I have noticed that some image uploads always convert to jpeg, this creates ugly situations with images with transparent elements and dark/light mode. I couldn’t find a setting for this, can we somehow turn this off?
I’ve tried uploading an image in webp, png and it always converts it to jpg, how so?
I’ve had this issue. I believe if you turn the compression off in the settings, it will upload properly. Not an idea place to leave that setting though for obvious reason
There are several settings which seem relevant:
recompress original jpg quality (“Quality of uploaded image files (1 is lowest quality, 99 is best quality, 100 to disable).”)
png to jpg quality (“Quality of the converted JPG file (1 is lowest quality, 99 is best quality, 100 to disable).”)
composer media optimization image encode quality (“JPEG encode quality used in the re-encode process.”)
I am not sure how the last one relates to the first two — or what happens to webp or other file types that aren’t PNG or JPEG.
(Also, note for any Discourse UX people reading this: inconsistent use of JPEG and JPG makes this harder to find.)
Last one is about Faster (and smaller) uploads in Discourse with Rust, WebAssembly and MozJPEG | Blog while the first two are about a server-side image optimization pipeline, so while both are about images they aren’t about the same feature.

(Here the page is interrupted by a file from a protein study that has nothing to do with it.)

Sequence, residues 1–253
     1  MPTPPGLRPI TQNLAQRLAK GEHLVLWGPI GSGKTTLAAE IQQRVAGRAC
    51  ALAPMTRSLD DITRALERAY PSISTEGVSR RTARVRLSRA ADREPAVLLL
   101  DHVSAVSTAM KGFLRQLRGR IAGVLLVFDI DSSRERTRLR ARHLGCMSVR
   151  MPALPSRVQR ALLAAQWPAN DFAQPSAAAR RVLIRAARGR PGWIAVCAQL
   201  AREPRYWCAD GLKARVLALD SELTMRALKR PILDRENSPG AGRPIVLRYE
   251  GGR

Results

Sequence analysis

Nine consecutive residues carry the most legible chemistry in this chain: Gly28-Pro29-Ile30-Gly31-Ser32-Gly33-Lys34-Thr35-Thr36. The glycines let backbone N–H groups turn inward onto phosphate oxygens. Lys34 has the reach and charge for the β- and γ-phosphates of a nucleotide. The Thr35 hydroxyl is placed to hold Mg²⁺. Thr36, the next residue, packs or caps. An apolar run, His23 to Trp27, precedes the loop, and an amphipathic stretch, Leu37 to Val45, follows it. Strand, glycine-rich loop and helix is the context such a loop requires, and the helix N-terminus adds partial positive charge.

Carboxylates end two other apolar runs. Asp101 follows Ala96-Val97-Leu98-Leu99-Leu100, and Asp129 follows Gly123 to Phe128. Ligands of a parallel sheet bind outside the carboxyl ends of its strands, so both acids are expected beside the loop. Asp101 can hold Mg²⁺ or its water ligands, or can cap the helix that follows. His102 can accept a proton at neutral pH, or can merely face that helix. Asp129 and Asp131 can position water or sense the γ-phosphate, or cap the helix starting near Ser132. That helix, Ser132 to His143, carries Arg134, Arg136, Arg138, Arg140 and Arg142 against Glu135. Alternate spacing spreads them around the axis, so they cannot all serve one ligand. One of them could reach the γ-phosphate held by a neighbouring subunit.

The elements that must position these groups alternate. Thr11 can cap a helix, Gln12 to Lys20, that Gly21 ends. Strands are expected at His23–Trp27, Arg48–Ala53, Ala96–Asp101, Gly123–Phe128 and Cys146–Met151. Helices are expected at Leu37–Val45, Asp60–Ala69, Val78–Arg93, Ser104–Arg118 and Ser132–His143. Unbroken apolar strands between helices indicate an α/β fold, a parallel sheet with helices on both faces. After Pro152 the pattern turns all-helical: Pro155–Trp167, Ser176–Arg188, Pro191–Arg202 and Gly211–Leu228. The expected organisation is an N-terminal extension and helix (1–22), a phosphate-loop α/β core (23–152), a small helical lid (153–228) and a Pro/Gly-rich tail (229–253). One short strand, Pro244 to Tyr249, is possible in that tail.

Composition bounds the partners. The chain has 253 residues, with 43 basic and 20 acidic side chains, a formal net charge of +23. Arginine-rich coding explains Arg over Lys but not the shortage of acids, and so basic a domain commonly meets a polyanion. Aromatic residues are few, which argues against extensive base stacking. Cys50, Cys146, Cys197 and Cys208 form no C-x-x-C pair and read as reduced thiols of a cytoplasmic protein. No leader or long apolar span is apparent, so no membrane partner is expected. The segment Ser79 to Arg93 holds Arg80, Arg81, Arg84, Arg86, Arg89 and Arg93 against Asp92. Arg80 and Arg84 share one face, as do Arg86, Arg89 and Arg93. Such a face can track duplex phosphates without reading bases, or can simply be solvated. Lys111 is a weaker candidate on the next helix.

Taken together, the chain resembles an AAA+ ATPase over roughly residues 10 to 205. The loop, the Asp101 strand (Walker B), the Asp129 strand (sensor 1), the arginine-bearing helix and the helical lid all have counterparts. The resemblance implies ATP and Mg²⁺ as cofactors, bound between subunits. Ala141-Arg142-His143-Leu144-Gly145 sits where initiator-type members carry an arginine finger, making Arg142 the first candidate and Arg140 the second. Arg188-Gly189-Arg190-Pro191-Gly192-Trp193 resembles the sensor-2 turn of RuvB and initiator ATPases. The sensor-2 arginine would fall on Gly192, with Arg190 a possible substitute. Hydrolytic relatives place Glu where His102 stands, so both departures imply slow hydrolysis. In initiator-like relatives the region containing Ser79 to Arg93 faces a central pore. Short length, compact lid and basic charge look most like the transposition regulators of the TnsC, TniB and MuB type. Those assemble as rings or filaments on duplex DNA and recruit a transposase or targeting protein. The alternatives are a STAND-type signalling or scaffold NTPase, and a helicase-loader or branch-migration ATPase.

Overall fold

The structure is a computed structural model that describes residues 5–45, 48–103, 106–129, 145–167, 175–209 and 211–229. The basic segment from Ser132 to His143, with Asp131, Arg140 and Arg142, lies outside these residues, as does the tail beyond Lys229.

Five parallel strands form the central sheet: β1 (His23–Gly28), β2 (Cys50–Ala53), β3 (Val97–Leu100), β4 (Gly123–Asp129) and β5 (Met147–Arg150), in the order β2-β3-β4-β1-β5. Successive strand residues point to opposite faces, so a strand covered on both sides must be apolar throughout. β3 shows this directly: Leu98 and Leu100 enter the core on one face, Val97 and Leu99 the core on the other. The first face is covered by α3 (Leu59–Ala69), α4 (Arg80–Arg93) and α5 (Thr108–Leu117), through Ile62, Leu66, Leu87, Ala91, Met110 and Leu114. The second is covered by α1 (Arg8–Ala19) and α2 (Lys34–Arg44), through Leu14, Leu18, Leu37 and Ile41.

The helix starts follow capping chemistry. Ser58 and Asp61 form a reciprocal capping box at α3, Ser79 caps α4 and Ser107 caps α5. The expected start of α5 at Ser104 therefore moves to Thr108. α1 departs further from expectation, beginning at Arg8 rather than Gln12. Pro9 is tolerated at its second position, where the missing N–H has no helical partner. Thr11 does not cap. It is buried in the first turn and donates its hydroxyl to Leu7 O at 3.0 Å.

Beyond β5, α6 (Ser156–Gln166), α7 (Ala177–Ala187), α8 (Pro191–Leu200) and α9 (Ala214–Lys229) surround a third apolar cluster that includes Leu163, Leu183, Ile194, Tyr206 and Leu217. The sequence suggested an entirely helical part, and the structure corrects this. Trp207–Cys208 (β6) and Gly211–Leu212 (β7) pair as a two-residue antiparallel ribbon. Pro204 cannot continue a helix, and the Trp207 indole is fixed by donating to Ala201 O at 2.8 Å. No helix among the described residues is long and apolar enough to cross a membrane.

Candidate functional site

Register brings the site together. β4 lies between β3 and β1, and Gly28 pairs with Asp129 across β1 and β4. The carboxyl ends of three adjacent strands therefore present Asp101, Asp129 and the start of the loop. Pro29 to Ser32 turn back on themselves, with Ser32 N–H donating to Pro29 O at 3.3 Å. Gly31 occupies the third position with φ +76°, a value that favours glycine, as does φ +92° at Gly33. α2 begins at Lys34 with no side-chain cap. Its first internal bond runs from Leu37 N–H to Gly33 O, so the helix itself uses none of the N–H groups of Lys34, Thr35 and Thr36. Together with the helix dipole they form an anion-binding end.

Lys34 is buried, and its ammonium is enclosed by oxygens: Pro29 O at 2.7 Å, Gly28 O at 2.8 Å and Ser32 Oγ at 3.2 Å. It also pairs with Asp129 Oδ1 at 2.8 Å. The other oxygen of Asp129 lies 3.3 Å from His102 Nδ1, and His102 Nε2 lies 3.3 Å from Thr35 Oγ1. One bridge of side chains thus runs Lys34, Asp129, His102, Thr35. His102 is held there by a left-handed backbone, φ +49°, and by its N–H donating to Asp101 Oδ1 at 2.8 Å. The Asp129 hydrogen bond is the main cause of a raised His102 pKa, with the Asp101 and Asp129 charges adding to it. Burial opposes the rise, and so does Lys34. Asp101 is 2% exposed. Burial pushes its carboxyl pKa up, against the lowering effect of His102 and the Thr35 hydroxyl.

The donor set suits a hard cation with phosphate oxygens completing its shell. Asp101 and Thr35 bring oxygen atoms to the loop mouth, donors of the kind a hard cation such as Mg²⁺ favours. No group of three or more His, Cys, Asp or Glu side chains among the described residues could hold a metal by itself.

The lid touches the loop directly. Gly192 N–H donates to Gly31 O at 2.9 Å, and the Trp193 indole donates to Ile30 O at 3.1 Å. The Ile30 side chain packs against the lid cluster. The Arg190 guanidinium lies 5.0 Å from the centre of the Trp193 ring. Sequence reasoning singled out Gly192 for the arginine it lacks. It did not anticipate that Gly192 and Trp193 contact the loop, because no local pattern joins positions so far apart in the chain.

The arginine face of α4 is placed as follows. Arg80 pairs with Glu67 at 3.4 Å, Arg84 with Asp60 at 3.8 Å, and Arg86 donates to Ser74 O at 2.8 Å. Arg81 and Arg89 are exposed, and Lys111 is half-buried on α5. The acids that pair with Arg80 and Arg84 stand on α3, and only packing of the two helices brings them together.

Let me rephrase.
I can see several separate concerns:
- page load time / viewer bandwidth
- server-side storage
- server load / performance
- upload speed
- image quality
- case one: diagrams, line drawings, etc., where JPEG compression is ugly and inefficient
- (theoretical) case two: a photography forum where other concerns are not as important as preserving the image
… and I am unclear on how exactly the available settings impact these, especially with that new feature.
That should be tweaked by UX: Change JPEG to JPG for search consistency by TheJammiestDodger · Pull Request #20698 · discourse/discourse · GitHub
First 2 are server side only changes. (that can run regardless of client side support)
Last one is applied in the browser and means that you end up sending smaller payloads to the server.